Compiling BerryBots on Windows with MinGW
Before you can compile anything, you need a C++ compiler. MinGW is used to build the official BerryBots binaries for Windows.
Download and install MinGW and add MinGW\bin to your PATH. Depending on your version of Windows, this is somewhere like My Computer > System Properties > Advanced > Environment Variables. If you can't find it, a quick Google search should help. You may also need to grab 7-zip or similar for extracting some of the source code downloads.
If you're more comfortable with another compiler, it should work fine, but some of these instructions may be slightly off. (Please feel free to contribute build instructions for other Windows C++ compilers to the wiki.)
To compile BerryBots, we need to link against four external libraries: SFML 2.x, wxWidgets 2.9.x, libarchive, and zlib. The first three are compiled from source for the BerryBots binary releases. Those instructions are included below. The zlib folks recommend just taking their pre-built zlib1.dll instead of building it yourself, so that's what we do.
BerryBots uses SFML 2.0 for the main game graphics. Note that SFML has their own instructions for building SFML 2.0 with CMake, which may be helpful.
First, download and install CMake from cmake.org and add it to your path. Then grab the source from the SFML downloads page or the GitHub repo. Note: SFML 2.1 has a Windows bug that affects BerryBots . Use 2.0 or the latest code from GitHub for now.
Launch a command prompt and change into the SFML source directory. Use CMake to generate the build files that are used for actual compilation with MinGW, then use mingw32-make to compile SFML.
C:\> cd C:\SFML-master C:\SFML-master> md build C:\SFML-master> cd build C:\SFML-master\build> cmake .. -G "MinGW Makefiles" C:\SFML-master\build> mingw32-make
When it completes, you should have a lib subdirectory with the SFML library files (*.a and *.dll).
We use wxWidgets 2.9.x for everything besides the main game window - all the dialogs and menus for configuring battles, packaging ships and stages, and viewing ship/stage output consoles. wxWidgets has their own instructions for compiling wxWidgets with MinGW, which may be helpful.
Download wxWidgets 2.9.x source code (with DOS line endings) from the wxWidgets downloads page. Extract it somewhere, launch a command prompt, and navigate to the wxWidgets\build\msw directory. Then compile wxWidgets with mingw32-make.
C:\> cd C:\wxWidgets-2.9.5\build\msw C:\wxWidgets-2.9.5\build\msw> mingw32-make SHELL=CMD.exe -f makefile.gcc ^ BUILD=release UNICODE=1 SHARED=0
This will take a few minutes to compile. Note the SHARED=0 parameter - this builds wxWidgets for static linking. This means that when you run BerryBots, you won't need to keep the wxWidgets libraries around, as the required code is compiled directly into BerryBots.exe. BerryBots works fine with shared libraries, too, but it means you have to lug around 60 megs of wxWidgets .dll's instead of just having an extra ~8 megs in your executable file.
When it completes, you should have a lib subdirectory with the wxWidgets library files.
libarchive with zlib
We use libarchive with zlib for packaging ships and stages as tarred / gzipped (.tar.gz) files. The gzip compression itself is handled by zlib, which libarchive depends on, so you need to grab that first: look for zlib compiled DLL at zlib.net. Download and extract it.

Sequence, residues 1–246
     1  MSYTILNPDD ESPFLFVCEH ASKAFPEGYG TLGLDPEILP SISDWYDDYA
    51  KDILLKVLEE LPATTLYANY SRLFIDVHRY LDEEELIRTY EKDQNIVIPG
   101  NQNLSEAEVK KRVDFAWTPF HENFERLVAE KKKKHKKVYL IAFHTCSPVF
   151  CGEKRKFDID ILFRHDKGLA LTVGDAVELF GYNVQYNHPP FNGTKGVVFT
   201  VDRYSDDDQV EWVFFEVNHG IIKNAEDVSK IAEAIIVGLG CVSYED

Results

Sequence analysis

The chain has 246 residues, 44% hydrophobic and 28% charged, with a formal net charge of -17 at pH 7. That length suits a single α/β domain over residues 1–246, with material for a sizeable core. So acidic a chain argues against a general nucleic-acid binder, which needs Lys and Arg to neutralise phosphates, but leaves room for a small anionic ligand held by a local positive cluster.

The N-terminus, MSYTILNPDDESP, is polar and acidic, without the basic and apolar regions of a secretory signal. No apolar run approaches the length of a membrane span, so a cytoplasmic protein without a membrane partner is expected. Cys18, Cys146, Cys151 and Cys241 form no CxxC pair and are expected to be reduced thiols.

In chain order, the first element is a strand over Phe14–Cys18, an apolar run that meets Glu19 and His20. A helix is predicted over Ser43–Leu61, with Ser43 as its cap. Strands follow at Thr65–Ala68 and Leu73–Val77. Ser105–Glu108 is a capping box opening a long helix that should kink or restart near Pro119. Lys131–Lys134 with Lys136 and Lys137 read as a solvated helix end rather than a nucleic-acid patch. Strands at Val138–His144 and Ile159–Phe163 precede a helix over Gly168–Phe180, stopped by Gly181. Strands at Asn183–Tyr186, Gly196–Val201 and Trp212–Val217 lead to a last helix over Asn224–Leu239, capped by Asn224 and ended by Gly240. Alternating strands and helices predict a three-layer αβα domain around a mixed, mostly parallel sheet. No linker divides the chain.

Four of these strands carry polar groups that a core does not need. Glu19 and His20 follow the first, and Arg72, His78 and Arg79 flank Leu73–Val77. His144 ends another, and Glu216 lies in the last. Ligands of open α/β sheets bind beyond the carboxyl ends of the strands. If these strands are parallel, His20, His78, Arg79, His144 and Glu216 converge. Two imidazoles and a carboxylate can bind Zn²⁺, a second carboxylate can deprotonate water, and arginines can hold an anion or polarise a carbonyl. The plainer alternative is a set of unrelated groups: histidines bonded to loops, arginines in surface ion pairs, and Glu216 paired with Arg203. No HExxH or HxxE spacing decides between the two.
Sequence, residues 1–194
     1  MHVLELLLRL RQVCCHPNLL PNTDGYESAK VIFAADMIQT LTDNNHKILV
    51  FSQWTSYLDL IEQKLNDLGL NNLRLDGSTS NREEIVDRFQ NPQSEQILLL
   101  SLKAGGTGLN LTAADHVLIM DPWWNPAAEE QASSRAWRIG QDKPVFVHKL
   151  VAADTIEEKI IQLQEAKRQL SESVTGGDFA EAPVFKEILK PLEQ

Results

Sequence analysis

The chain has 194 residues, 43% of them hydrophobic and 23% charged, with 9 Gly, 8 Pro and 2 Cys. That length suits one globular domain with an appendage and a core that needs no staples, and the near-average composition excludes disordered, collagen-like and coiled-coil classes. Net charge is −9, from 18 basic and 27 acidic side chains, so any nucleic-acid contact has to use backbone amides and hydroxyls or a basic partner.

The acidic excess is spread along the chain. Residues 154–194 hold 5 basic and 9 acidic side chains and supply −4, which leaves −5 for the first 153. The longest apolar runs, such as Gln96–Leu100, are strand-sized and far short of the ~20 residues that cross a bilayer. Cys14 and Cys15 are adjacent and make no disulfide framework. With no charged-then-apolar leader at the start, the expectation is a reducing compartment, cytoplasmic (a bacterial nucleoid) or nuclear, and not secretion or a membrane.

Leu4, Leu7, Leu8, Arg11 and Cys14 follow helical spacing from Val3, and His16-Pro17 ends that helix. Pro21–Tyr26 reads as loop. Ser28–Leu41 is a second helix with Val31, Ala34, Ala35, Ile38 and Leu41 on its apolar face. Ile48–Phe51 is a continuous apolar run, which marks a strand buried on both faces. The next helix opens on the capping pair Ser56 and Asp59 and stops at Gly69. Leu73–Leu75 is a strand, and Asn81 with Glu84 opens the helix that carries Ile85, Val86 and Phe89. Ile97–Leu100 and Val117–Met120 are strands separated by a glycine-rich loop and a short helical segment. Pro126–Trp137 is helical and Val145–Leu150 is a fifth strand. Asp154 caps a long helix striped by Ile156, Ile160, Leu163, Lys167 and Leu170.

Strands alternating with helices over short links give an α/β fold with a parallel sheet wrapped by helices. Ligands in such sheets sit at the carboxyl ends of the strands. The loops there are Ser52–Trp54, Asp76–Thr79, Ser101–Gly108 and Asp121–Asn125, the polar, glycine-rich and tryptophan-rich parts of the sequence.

Next, download libarchive from libarchive.org - v3.1.x is used for the official BerryBots binary releases. Extract that somewhere, launch a command prompt, and change into the libarchive\build directory. Then run CMake, pointing at the zlib files, and mingw32-make.
C:\> cd C:\libarchive-3.1.2\build C:\libarchive-3.1.2\build> cmake ^ -DZLIB_LIBRARY:FILEPATH="C:\zlib127-dll\lib\zdll.lib" ^ -DZLIB_INCLUDE_DIR:PATH="C:\zlib127-dll\include" .. -G "MinGW Makefiles" C:\libarchive-3.1.2\build> mingw32-make
When it completes, you should have libarchive\libarchive_static.a under the build directory.
Once we've compiled the dependencies, we can build BerryBots itself.
Download the source from the downloads page or the GitHub repo. Extract it where ever you like and update the Makefile with the paths where you built SFML, wxWidgets, libarchive, and extracted zlib. You might have something like:
SFML_PATH = C:\SFML-master WXWIDGETS_PATH = C:\wxWidgets-2.9.5 LIBARCHIVE_PATH = C:\libarchive-3.1.2 WIN_ZLIB_PATH = C:\zlib127-dll
Now you just need to run mingw32-make windows from a command prompt in the BerryBots source directory. When it completes, you should have BerryBots.exe and you're good to go!
Note about MinGW DLLs
If you don't want to have MinGW on your path, or you want to copy BerryBots to other computers that don't, you need to copy some DLLs over from the MinGW directory: copy libgcc_s_dw2-1.dll, libstdc++-6.dll, and pthreadGC2.dll into the directory where you have BerryBots.exe.
The BerryBots source package also contains a version of BerryBots that launches individual matches from the command line. This is how things worked on Mac and Linux in v1.0.x, and how things still work on the Raspberry Pi.
You may find this useful, such as for running matches from other programs or running BerryBots from the command line on a remote system - you could use
-nodisplay -savereplay and then view the replay in a browser. The code for this is in bbsfmlmain.cpp.
To compile this version of BerryBots on Windows, run mingw32-make wincli. Then run matches or package ships or stages with berrybots.exe (not berrybots.sh).
berrybots Usage: berrybots [-nodisplay] [-savereplay] <stage.lua> <bot1.lua> [<bot2.lua> ...] OR berrybots -packstage <stage.lua> <version> OR berrybots -packbot <bot.lua> <version>